In this scene from season 1, the characters discuss value and production within capitalism. While enjoying a fast food lunch, Wallace suggests that whoever invented Chicken McNugges must be extremely rich because of their popularity, but D'Angelo explains that the worker who invented chicken McNuggets "is just some sad ass sittin' in the basement of McDonalds thinkin' up some shit to make some money for the real players." This reflects Marx's theory of value and exploitation, which explains how capitalism is structured to extract value from the workers (the true source of value) and funnel it into the hands of the owners (i.e. "Ronald McDonald" or more accurately, the stockholders). When Bodie responds "that ain't right", D'Angelo says "Fuck right. It ain't about right; it's about money" and explains that whoever invented the McNuggets is still "working in the basement for regular wage thinking of some shit to make the fries taste better."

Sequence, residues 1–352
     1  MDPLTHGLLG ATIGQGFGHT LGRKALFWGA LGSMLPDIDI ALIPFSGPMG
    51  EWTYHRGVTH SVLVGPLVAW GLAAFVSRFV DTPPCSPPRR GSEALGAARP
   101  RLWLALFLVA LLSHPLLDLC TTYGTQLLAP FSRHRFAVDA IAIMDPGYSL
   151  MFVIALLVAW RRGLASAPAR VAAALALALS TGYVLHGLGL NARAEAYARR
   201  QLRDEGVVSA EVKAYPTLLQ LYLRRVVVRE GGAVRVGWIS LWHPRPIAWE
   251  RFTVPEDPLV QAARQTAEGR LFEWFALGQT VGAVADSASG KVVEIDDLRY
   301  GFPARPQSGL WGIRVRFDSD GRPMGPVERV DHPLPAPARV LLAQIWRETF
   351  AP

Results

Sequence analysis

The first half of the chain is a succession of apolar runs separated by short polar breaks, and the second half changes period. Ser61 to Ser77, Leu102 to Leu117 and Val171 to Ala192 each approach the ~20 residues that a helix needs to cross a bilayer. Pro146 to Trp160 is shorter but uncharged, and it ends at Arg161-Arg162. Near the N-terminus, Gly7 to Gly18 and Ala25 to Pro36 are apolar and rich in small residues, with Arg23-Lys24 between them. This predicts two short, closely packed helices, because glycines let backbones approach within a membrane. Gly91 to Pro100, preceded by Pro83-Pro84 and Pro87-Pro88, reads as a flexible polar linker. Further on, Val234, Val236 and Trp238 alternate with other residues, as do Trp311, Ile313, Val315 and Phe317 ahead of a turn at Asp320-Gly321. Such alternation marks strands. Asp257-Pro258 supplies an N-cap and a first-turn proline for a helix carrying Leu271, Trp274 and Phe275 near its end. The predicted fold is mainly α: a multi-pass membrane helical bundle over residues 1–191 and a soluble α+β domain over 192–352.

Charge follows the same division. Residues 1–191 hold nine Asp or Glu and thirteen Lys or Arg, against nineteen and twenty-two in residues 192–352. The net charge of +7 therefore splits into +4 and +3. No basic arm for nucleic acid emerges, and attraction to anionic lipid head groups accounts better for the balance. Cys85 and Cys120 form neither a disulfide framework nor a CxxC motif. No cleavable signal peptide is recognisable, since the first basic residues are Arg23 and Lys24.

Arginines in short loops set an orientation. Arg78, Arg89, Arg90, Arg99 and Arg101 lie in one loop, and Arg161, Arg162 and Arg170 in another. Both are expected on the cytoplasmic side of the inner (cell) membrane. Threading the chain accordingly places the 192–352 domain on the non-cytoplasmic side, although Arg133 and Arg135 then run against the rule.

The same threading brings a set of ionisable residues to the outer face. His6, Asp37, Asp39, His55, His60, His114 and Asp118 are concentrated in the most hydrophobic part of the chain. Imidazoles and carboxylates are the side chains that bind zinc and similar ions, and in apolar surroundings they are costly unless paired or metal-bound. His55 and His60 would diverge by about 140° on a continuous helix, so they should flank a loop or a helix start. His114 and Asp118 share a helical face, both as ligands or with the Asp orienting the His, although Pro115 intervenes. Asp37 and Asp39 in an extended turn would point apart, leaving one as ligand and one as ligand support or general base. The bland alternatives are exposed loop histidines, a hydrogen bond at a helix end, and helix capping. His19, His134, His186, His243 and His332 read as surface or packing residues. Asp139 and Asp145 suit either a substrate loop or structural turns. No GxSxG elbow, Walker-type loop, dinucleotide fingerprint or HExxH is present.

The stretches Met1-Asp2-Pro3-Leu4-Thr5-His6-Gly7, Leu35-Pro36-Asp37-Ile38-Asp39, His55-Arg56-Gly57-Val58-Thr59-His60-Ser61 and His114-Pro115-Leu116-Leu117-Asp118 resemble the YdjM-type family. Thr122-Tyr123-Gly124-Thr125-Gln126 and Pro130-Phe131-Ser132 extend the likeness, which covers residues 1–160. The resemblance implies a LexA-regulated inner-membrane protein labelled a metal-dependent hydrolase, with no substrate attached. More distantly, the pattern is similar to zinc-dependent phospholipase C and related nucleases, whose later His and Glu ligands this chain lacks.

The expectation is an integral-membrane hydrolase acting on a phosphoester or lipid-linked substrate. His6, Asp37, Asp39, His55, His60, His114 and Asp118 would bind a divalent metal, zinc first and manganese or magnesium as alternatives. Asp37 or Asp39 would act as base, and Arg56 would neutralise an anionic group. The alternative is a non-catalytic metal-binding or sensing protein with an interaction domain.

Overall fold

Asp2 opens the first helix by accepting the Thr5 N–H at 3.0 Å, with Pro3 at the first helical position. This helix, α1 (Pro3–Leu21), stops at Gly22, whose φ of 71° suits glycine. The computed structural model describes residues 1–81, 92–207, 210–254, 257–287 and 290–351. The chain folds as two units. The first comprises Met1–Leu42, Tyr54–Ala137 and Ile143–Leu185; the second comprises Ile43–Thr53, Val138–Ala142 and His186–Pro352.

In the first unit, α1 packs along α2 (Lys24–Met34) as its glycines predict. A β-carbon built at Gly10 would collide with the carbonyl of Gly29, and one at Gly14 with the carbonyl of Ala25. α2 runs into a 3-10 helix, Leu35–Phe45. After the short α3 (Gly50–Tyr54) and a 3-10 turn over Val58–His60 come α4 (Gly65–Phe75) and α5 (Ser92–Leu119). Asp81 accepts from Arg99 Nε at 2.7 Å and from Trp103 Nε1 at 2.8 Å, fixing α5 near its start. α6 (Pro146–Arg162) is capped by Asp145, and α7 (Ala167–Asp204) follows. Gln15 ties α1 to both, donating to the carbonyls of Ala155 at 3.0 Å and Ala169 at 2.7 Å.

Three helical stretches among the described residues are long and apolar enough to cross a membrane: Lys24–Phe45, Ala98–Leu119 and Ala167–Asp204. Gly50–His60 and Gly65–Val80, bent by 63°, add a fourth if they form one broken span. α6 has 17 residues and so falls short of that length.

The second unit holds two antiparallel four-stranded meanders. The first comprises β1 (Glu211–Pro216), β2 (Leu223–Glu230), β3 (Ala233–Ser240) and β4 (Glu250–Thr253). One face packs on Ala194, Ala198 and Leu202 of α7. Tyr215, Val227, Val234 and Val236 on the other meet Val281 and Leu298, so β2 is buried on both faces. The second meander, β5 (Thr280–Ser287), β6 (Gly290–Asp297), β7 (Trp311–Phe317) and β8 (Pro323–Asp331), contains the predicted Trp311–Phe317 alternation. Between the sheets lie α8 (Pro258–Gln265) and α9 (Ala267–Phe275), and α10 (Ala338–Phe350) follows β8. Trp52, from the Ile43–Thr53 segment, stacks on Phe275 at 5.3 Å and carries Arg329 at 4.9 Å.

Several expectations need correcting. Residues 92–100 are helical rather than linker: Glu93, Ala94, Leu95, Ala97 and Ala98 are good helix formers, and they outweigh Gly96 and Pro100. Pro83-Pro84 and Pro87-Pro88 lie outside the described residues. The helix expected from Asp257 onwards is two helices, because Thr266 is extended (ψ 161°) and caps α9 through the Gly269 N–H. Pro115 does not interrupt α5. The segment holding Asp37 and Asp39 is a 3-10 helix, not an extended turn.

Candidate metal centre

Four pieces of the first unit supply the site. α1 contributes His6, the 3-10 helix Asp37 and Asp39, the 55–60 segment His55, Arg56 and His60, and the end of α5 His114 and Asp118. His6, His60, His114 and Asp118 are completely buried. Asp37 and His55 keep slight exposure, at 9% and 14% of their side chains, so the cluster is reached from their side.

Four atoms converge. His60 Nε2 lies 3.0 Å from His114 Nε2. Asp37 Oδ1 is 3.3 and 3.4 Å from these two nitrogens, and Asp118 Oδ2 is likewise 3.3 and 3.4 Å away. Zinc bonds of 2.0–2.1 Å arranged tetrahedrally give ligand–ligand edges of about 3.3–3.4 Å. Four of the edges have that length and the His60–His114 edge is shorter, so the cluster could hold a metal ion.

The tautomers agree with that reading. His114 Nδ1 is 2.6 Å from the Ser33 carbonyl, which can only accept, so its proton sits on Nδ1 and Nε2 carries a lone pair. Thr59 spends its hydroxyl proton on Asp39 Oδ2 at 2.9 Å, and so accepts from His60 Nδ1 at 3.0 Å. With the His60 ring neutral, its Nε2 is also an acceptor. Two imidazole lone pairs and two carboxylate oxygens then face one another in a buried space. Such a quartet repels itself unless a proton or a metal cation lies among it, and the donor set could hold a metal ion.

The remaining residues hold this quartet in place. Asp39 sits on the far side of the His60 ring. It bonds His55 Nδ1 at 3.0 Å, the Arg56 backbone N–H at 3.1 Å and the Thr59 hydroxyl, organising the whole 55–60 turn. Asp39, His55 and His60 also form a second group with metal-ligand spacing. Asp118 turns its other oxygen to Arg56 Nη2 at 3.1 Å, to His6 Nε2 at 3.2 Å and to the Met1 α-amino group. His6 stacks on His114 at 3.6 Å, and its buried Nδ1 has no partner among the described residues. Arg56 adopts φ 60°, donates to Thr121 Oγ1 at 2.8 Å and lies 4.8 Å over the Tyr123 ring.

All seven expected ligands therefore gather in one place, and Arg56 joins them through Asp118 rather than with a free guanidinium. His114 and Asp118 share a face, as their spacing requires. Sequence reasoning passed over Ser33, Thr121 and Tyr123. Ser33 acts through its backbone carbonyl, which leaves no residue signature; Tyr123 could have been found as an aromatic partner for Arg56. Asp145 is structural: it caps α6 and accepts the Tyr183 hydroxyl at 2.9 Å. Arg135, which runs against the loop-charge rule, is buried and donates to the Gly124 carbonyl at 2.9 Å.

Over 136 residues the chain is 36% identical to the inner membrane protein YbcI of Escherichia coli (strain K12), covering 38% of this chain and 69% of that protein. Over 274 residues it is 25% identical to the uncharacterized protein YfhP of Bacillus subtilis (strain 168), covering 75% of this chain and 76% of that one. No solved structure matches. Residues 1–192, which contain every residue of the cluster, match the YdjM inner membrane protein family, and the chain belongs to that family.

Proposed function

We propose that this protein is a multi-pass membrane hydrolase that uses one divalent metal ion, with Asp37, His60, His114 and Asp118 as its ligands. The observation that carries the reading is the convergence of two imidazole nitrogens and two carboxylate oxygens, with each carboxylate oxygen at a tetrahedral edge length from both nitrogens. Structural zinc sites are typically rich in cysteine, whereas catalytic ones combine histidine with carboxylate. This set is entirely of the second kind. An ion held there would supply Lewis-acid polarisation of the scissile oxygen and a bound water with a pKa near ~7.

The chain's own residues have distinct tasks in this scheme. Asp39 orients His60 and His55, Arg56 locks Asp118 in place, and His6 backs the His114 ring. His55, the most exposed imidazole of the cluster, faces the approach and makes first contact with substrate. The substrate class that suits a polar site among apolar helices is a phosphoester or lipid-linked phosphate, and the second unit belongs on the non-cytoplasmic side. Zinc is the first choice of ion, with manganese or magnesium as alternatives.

Cultural capital refers to knowledge, skills, tastes, and dispositions necessary to succeed in a particular context. The concept is used to help explain economic inequality. For example, the cultural capital in this scene at a fancy restaurant (e.g. knowing appropriate behavioral norms, understanding menu items, being comfortable in that setting) could be helpful in a professional job interview or networking. Here, ex-cop turned public school teacher Howard "Bunny" Colvin has taken it on himself to help reach the badly underprivileged children who have been deemed essentially unteachable by their West Baltimore junior high school. After his students do well on a project, Colvin decides to take them out to dinner at an upscale restaurant. Initially the students are excited and pleased--but over the course of the meal they become increasingly uncomfortable and discouraged. Due to their lack of cultural capital, Bunny's students are clearly uncomfortable and feel a sense of powerlessness (see the full post from Sara Wanenchak).